Fort Lauderdale Int’l Makes the Most of 120-day Runway Closure

Fort Lauderdale Int’l Makes the Most of 120-day Runway Closure
Author: 
Jodi Richards
Published in: 
January-February
2020

Last summer was all about opportunity for Fort Lauderdale-Hollywood International Airport (FLL) in Florida. Its primary runway, 10L-28R, needed to close for 120 days while crews performed a complete rehabilitation; so management took the opportunity to improve several other airfield assets as well. 

Airport officials note that the $95 million North Airfield Rehabilitation program sets the stage to support continued growth. The 18th busiest U.S. airport in total passenger traffic, FLL saw 35.9 million enplanements in 2018, up 10.6% vs. 2017. In fact, FLL has been the fastest-growing airport in the country for the last two years, according to FAA statistics. 

“We think we’ll continue growing, but not at the same rate,” says FLL Public Information Officer Gregory Meyer. “Things are slowing down a bit, but projections are we will continue to add additional service and passenger traffic.”

facts&figures

Project: North Airfield Rehabilitation 

Location: Fort Lauderdale-Hollywood (FL) Int’l Airport

Owner: Broward County Dept. of Aviation 

Cost: $95 million 

Scope: Complete rehabilitation of Runway 10L-28R, including replacement of 75-foot keel section with concrete, electrical, signage & drainage systems upgrades; FAA-funded taxiway enhancements & updated runway status lights 

Construction: General Asphalt Co.

Engineer of Record: Kimley-Horn 

EMAS Beds: Safran Aerosystems (formerly known as ESCO)

Security: Allied Universal

Timeline...

Phase 2 Taxiway A Work:
March 25, 2019-June 2, 2019

Phase 3 Runway Closure: 
June 3, 2019-Oct. 1, 2019

Phase 4 Taxiway B & C Work: 
Oct. 2019-March 2020

Final Completion: March 2020

Commonly known by staff as the “North Runway,” 10L-28R is 9,000 feet long, with portions dating back to 1943, when the airport was built as a Naval training base. Throughout the years, the county-owned airport performed regular maintenance to keep the runway in operational condition. This is the first time it performed such extensive improvements.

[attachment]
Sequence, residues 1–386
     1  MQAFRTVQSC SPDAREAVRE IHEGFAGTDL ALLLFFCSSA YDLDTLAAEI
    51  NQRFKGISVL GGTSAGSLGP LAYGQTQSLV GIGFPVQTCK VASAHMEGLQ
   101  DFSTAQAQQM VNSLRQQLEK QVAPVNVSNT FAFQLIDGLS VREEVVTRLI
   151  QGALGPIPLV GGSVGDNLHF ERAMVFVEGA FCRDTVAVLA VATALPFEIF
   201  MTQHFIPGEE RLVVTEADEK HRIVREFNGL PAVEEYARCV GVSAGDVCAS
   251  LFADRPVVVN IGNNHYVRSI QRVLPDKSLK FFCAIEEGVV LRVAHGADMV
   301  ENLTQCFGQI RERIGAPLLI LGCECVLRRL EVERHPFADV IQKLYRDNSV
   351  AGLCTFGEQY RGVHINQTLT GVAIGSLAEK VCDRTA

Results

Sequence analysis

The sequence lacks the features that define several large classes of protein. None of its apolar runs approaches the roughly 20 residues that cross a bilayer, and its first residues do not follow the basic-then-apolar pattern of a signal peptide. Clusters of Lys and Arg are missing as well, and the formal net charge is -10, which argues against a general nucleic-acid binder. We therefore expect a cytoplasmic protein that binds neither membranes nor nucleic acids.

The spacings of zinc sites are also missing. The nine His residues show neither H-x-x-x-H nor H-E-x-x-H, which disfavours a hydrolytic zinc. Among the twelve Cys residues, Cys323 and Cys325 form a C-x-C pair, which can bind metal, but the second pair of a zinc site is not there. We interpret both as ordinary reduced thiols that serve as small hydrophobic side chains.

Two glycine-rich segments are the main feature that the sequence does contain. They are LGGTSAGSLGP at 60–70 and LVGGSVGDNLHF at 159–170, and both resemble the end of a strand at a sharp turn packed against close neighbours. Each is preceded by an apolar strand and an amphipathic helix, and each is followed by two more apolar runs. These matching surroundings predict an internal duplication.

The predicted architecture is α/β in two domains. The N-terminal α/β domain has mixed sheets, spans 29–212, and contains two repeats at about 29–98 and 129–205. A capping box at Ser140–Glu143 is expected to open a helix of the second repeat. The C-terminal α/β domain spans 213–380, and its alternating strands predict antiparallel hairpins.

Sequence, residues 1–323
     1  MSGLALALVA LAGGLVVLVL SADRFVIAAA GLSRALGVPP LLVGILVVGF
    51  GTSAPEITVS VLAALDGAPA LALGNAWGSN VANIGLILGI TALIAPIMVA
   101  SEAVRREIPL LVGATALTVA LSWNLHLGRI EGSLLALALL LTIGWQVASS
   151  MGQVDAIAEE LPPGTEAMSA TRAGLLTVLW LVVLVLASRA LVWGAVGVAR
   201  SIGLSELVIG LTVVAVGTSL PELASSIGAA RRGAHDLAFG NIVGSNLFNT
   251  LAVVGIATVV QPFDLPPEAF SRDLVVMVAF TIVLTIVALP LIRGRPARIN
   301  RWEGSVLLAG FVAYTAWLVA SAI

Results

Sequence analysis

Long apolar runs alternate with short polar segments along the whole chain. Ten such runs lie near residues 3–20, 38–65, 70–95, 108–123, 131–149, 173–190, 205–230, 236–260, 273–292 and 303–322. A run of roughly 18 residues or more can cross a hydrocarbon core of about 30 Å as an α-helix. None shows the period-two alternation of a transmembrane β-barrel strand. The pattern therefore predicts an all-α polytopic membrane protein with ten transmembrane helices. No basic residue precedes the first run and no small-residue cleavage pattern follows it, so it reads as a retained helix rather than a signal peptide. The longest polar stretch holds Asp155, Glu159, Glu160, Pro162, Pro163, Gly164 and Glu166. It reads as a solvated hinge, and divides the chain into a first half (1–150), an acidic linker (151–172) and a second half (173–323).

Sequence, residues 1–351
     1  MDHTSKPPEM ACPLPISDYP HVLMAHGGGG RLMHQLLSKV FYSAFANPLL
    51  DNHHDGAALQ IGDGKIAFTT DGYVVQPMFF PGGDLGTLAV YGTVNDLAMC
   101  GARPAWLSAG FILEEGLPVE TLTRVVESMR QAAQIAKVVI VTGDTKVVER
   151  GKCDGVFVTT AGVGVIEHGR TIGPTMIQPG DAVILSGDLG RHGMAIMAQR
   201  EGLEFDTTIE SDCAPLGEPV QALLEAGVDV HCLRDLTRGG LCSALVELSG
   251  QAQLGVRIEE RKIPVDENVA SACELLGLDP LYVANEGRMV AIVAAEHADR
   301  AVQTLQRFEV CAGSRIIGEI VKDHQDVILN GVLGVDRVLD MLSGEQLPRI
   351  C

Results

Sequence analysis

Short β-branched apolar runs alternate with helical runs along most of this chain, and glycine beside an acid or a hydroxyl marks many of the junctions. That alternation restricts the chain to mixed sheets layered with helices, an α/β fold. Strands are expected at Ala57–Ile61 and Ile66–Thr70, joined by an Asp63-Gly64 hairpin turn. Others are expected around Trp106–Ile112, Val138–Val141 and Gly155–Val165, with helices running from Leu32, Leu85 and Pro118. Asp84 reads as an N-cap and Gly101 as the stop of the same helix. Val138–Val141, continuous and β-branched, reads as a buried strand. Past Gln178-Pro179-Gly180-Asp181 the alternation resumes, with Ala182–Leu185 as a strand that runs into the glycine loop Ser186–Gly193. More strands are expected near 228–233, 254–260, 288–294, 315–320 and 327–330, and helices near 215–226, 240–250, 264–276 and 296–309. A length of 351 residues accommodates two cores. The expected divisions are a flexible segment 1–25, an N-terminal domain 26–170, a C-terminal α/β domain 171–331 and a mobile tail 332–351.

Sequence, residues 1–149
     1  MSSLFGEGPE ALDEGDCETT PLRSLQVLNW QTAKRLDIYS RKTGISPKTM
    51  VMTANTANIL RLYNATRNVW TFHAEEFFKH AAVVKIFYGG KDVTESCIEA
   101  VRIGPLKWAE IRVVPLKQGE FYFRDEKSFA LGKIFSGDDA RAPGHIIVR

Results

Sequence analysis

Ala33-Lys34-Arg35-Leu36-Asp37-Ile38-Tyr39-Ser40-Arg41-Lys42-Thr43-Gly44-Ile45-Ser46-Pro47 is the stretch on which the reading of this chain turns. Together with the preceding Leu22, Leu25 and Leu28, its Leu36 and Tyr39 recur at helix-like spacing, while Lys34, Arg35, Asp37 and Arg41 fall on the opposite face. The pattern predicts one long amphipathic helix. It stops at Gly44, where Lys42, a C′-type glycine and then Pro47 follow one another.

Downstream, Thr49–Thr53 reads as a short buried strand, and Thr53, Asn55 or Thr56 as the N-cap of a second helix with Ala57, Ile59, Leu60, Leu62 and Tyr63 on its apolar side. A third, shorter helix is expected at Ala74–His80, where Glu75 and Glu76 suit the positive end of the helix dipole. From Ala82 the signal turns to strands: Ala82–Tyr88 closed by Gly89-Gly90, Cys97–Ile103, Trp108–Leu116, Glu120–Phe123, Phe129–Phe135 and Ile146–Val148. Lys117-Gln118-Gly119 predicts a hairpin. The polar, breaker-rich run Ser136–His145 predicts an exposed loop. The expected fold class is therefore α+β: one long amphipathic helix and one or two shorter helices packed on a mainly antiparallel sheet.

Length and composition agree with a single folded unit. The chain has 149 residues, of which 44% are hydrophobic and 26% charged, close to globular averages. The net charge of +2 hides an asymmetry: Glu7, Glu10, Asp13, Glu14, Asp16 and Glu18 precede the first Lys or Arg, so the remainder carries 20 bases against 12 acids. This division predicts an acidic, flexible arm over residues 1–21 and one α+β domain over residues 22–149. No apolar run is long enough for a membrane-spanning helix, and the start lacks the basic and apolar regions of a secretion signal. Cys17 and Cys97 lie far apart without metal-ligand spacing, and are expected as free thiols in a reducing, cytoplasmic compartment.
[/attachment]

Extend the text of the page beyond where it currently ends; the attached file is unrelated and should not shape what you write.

The asphalt runway had been on a 15-year rehab cycle, explains Gasser Douge, engineering unit supervisor for the Broward County Aviation Department. But when it approached the latest 15-year interval, airport officials decided to take a closer look at what repairs were needed.  

A pavement condition index performed by Florida Department of Transportation’s Statewide Airfield Pavement Management Program indicated it was time for a rehabilitation. 

Consulting firm Kimley-Horn, engineer of record for the project, provided FLL with several options for how to proceed; and airport officials created a decision matrix to rank them. Key factors were cost, duration of construction, benefits, maintenance and impact to operations. 

One option was to continue the 15-cycle of milling and overlaying the asphalt runway. However, since asphalt requires more frequent rehabilitation than concrete, the impact to flight operations would be significant, given FLL’s increasing passenger volume. 

Ultimately, the airport opted to replace the 75-foot-wide keel section with concrete, but mill and overlay the outboards with asphalt. Traffic growth heavily influenced the decision, notes Douge. 

“Using concrete on the keel, we think we have a solution for about 30 years with good maintenance practices,” he explains. 

Michael Carey, vice president of aviation at Kimley-Horn, notes that initial costs to mill and overlay asphalt are less than concrete; but when maintenance costs, impact of runway closures and total lifecycle are factored in, concrete is a better investment for FLL.  

“It takes a client that has foresight to be willing to do something other than the cheapest and easiest short-term solution,” says Carey. “It will pay off when they’re not having to do major rehabilitation projects.”